“Fully loaded cement trucks go across that bridge every day. Big ones,” said Bill Galvin who lives near the bridge.

“Sometimes there’s two of them – two across,” said Leslie Tarkington who also lives in the neighborhood.

“If this bridge is so fragile, and we’re letting cement trucks go, there’s some disconnect here,” Galvin asked.

“We can’t control what people do,” Mr. Michel replied, adding that the 4-ton limit would be lifted after the bridge was replaced. “It will handle any legal load allowed on state roads.”


In response to questions about incorporating the bridge project into a larger flood mitigation plan, Mr. Michel said, “We’re going to raise the low core of the bridge to allow a greater, wider waterway to allow more water go through the bridge. We can’t let it all go through unattenuated because it will flood the people downstream.”

Neighbors comments echoed those from the DPW drainage meeting from January 2023 (the drainage area that includes Francine Drive, Hillside Drive, Echo Lane, Ridgeview Ave, Andrews Rd, Old Church Rd, and Plow Lane) that left them unsatisfied about town efforts “in the bottom of the bathtub.”

Residents asked about even more water flowing through than proposed.

“We’re regulated by federal regs and FEMA,” Mr. Michel responded. ‘Within a flood zone we cannot make the conditions worse downstream.”

Further, Mr. Michel noted that while the meeting was not about flooding and was limited to the bridge replacement, DPW was working to identify potential future projects to address flooding.

He said the town conducted a study of West Brothers Brook from Old Church Road up through the Echo Lane neighborhood and some potential future projects were identified.

“In addition we started a study from Old Church Road down to to Long Island Sound that is ongoing. We’re looking for potential improvements, and then it will have to go through the capital projects funding process.”

Still many neighbors were of the strong opinion that simply replacing the bridge was a lost opportunity.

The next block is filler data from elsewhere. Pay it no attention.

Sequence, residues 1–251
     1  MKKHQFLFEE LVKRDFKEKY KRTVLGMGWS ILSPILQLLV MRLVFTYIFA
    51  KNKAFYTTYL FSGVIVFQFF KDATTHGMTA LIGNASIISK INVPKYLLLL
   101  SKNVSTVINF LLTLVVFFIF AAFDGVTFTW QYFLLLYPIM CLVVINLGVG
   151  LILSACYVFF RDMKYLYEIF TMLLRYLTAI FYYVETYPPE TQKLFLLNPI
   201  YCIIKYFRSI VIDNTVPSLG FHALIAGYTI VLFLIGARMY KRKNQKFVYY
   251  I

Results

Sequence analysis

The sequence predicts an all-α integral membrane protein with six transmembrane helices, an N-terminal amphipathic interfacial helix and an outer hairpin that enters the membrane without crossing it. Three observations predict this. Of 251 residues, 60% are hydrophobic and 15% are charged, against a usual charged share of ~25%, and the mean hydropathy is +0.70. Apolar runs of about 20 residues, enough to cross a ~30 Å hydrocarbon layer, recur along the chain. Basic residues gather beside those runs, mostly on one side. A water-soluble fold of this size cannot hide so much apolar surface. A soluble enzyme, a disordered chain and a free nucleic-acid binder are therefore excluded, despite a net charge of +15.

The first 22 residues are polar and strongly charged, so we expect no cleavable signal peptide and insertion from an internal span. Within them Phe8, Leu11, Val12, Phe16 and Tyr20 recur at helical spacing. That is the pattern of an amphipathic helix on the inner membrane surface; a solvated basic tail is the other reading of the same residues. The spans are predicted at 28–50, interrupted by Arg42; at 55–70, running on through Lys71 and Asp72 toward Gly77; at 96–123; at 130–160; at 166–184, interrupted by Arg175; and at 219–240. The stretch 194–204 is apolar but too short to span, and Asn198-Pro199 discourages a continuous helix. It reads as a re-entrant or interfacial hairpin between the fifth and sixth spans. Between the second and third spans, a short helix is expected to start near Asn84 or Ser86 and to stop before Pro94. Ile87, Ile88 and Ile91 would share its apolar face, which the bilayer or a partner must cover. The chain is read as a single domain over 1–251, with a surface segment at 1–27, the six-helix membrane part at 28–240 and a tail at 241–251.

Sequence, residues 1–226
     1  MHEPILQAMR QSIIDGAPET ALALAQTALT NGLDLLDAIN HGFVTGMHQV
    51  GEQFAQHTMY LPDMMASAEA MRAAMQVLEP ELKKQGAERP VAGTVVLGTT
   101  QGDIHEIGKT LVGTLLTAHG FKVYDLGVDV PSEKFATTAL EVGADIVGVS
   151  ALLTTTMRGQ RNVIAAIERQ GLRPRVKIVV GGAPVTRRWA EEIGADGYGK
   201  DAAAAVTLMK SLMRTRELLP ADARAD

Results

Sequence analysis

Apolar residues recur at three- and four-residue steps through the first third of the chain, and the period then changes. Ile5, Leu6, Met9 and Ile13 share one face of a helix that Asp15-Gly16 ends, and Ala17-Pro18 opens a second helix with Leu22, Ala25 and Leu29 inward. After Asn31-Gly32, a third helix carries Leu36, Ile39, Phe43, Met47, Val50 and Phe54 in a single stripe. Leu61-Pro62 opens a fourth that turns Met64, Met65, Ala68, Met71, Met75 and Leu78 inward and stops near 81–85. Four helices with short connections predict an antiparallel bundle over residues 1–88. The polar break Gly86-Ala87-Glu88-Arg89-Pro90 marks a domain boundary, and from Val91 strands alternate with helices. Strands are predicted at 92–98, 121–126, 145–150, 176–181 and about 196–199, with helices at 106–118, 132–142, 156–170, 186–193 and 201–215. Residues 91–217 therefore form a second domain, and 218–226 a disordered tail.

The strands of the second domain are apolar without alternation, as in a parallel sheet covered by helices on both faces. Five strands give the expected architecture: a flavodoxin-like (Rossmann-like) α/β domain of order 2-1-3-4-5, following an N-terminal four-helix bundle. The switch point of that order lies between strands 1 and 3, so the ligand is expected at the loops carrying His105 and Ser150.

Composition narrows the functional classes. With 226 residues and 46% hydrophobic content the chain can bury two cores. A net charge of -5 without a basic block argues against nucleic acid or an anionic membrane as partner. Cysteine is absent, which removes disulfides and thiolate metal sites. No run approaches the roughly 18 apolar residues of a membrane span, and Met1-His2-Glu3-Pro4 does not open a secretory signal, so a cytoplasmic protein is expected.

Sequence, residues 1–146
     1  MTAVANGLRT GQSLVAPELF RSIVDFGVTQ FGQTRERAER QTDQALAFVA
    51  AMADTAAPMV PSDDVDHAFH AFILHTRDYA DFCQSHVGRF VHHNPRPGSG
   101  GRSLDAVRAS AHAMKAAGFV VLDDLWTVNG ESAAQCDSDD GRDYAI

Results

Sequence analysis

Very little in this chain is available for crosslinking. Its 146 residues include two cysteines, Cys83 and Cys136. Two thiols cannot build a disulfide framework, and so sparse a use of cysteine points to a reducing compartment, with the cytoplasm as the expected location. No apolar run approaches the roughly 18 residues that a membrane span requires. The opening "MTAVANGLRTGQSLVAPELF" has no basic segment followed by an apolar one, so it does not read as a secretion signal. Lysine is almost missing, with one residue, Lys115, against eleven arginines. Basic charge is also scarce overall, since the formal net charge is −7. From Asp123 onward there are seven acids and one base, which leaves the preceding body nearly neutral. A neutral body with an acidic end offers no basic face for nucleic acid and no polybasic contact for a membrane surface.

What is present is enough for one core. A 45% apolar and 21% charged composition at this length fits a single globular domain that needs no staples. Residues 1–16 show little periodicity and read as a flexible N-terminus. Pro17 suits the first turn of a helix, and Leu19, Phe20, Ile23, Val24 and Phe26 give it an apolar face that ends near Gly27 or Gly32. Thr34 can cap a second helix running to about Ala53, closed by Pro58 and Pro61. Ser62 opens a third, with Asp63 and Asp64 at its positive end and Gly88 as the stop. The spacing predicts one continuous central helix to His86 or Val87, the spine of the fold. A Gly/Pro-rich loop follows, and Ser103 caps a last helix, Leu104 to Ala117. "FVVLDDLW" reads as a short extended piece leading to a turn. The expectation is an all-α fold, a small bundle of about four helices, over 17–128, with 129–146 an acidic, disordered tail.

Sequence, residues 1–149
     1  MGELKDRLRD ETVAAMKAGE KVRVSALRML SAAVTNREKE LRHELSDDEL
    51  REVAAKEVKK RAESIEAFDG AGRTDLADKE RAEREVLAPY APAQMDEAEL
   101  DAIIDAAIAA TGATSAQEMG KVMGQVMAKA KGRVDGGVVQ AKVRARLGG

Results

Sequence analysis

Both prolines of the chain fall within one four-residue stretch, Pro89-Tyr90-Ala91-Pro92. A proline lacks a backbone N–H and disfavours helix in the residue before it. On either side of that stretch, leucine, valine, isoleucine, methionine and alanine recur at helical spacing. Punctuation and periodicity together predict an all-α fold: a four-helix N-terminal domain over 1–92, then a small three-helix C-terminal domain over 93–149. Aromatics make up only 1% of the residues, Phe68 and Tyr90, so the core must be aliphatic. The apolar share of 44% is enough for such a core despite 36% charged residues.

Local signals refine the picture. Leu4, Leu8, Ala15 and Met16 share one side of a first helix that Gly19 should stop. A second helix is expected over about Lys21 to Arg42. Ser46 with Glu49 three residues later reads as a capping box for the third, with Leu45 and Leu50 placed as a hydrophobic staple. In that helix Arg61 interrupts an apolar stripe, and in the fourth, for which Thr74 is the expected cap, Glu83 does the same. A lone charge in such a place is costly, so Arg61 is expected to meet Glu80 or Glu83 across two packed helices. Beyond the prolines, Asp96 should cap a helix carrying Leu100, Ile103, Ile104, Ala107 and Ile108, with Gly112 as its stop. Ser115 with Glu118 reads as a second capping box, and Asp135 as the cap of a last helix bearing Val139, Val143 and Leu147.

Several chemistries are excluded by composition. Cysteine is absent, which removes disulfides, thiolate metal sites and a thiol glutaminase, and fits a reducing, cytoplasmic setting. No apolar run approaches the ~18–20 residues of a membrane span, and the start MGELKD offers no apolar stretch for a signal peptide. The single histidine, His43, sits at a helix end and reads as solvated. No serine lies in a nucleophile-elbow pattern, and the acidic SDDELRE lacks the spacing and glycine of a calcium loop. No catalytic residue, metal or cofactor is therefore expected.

A resident who did not identify herself said flooding on Francine Drive was worsening. “It doesn’t recede. This issue has to be addressed right away. Stop by. It’s bad. It’s encroaching into parking areas.”

“To say that the traffic plan is alternating lights – I’m sorry – I’m putting on my BET hat right now, I’m not going release a condition based on that because I don’t even think that’s a plan.” – Karen Fassuliotis

Traffic Study

Residents asked DPW to do a “traffic study” to anticipate which streets would be used as cut-throughs to avoid waiting in a long queue on North Street.

Mr. Michel said the town had done traffic counts, rather than a traffic studies, which he explained were traditionally done to anticipate the impact of a new project on neighboring roads and intersections.

“The purpose of a traffic report is to show the impact of a new development on traffic,” he said. “This (bridge) isn’t changing the number of cars traveling through and from this location. A traffic report would show no change.”

Further, he said that there would be no detours since the bridge will remain open throughout the project, albeit one lane at a time.

Still, residents said existing “significant traffic problems” featured queues backing up from the bridge to Parsonage Road, that would worsen during the project and push traffic onto cut-through streets.

Leslie Tarkington noted that the area was home to numerous schools including Greenwich Catholic, North Street School, Greenwich Academy, Brunswick, Greenwich High School and GCDS.

She urged DPW to hire “a real traffic firm,” rather than rely on traffic counts done by the department.